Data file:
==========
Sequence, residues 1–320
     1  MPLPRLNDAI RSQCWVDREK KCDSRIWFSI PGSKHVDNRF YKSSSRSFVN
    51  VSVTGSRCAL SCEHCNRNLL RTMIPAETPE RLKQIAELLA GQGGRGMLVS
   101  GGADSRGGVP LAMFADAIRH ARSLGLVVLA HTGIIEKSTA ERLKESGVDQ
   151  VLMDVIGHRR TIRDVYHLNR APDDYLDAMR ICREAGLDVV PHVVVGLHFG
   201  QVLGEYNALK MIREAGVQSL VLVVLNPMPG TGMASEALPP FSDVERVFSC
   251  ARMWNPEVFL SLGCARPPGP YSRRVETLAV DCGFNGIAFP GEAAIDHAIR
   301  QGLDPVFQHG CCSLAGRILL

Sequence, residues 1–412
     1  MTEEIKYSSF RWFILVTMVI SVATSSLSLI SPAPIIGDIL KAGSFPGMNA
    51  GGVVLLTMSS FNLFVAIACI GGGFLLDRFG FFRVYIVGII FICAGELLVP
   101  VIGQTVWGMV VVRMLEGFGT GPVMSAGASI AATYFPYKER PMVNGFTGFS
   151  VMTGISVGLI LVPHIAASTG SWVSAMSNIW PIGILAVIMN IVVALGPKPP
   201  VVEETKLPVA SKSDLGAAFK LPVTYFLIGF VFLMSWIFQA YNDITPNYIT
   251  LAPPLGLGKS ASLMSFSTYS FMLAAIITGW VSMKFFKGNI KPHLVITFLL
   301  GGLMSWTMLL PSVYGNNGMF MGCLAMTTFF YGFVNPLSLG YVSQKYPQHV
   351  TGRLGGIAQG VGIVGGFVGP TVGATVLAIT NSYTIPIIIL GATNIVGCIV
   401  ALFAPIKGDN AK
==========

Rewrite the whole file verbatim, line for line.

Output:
Sequence, residues 1–320
     1  MPLPRLNDAI RSQCWVDREK KCDSRIWFSI PGSKHVDNRF YKSSSRSFVN
    51  VSVTGSRCAL SCEHCNRNLL RTMIPAETPE RLKQIAELLA GQGGRGMLVS
   101  GGADSRGGVP LAMFADAIRH ARSLGLVVLA HTGIIEKSTA ERLKESGVDQ
   151  VLMDVIGHRR TIRDVYHLNR APDDYLDAMR ICREAGLDVV PHVVVGLHFG
   201  QVLGEYNALK MIREAGVQSL VLVVLNPMPG TGMASEALPP FSDVERVFSC
   251  ARMWNPEVFL SLGCARPPGP YSRRVETLAV DCGFNGIAFP GEAAIDHAIR
   301  QGLDPVFQHG CCSLAGRILL

Sequence, residues 1–412
     1  MTEEIKYSSF RWFILVTMVI SVATSSLSLI SPAPIIGDIL KAGSFPGMNA
    51  GGVVLLTMSS FNLFVAIACI GGGFLLDRFG FFRVYIVGII FICAGELLVP
   101  VIGQTVWGMV VVRMLEGFGT GPVMSAGASI AATYFPYKER PMVNGFTGFS
   151  VMTGISVGLI LVPHIAASTG SWVSAMSNIW PIGILAVIMN IVVALGPKPP
   201  VVEETKLPVA SKSDLGAAFK LPVTYFLIGF VFLMSWIFQA YNDITPNYIT
   251  LAPPLGLGKS ASLMSFSTYS FMLAAIITGW VSMKFFKGNI KPHLVITFLL
   301  GGLMSWTMLL PSVYGNNGMF MGCLAMTTFF YGFVNPLSLG YVSQKYPQHV
   351  TGRLGGIAQG VGIVGGFVGP TVGATVLAIT NSYTIPIIIL GATNIVGCIV
   401  ALFAPIKGDN AK